From a cultured childhood in Provence, each sister was propelled into a world marked by shifting alliances, intrigue, and subterfuge: Marguerite, the eldest, whose resolution and spirit would be tested by the cold splendor of the Palais du Roi in Paris; Eleanor, whose soaring political aspirations would provoke her kingdom to civil war; Sanchia, the neglected wife of the richest man in England, who bought himself the crown of Germany; and Beatrice, whose desire for sovereignty was so acute that she risked her life to earn her place at the royal table.
Four Queens shatters the myth that women were helpless pawns in a society that celebrated physical prowess and masculine intellect. A riveting historical saga for fans of Alison Weir and Antonia Fraser.
©2007 Nancy Goldstone; (P)2007 Tantor Media Inc.
"On Goldstone's...rich, beautifully woven tapestry, medieval Europe springs to vivid life....This is a fresh, eminently enjoyable history." (Publishers Weekly)
I enjoyed this light historical biography of the four amazing sister princesses of medieval Provence. The narrator has a pleasant, easy-to-follow style. The historical facts are lightened with some humorous and interesting contemporary quotations and anecdotes. The author makes this world come alive for the listener. Delightful!
I loved listening to this book! The book itself is well written. One forgets that it is a history and is soon drawn into the world of the Four Queens! The narrator was wonderful as well. I am looking for more books read by her. Highly recommended on all fronts!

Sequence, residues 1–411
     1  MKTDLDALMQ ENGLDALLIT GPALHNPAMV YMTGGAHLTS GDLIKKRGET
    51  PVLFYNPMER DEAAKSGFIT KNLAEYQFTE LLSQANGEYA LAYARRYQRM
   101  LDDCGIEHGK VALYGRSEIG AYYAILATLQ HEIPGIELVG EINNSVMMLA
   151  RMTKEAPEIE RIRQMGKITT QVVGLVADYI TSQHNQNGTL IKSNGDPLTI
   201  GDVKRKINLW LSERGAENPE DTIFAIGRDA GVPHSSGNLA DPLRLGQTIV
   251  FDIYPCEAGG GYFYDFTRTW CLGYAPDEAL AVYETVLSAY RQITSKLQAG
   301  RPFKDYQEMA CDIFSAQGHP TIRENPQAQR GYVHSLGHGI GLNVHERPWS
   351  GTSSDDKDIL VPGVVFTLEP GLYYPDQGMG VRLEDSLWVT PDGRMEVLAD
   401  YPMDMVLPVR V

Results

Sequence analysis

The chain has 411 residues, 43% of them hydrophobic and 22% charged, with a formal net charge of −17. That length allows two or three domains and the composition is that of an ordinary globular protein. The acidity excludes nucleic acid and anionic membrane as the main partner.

This was both a fascinating story about a period in history of which I knew very little. The narrator is wonderful as well, and the book engrossing.
I fell in love with the narrative the moment I began listening and the book endeared me right till the end. Although primarily about the four Provencen Sisters, The book was a great for those people interested in the life of the top echelon of the society, their aspirations and troubles. I thoroughly enjoyed myself with this book.
The narrator's switching between Accents was charming and enhanced the narrative in no small way, this is a great book, and I'd love to read or listen to more books like this.
Four Queens is a very "listenable" account of the lives of four sisters from Provence. I liked the narrator (who on a few occasions went into dramatic overdrive). I'm going to the south of France soon and I picked up some valuable history along with enjoying a well-told story.
I disagree with the more negative review, but I understand exactly what the reviewer means. This book is a light medieval history and like many histories the information is cobbled together a bit. It does seems disjointed because the story rotates among the sisters, and it's not in a perfect chronology, though it is _generally_ chronological. It's a good book but it's a more challenging listen than something like a historical romance. Two-thirds in, I was a little tired of it. BUT, if you don't know anything about these sisters and like medieval history, you will find the book fascinating.
After reading the book summary of four sisters becoming queens of different countries, I imagined four extraordinary women, overcoming adversity, and against all odds, bringing
peace throughout the land (I wasn't a history major).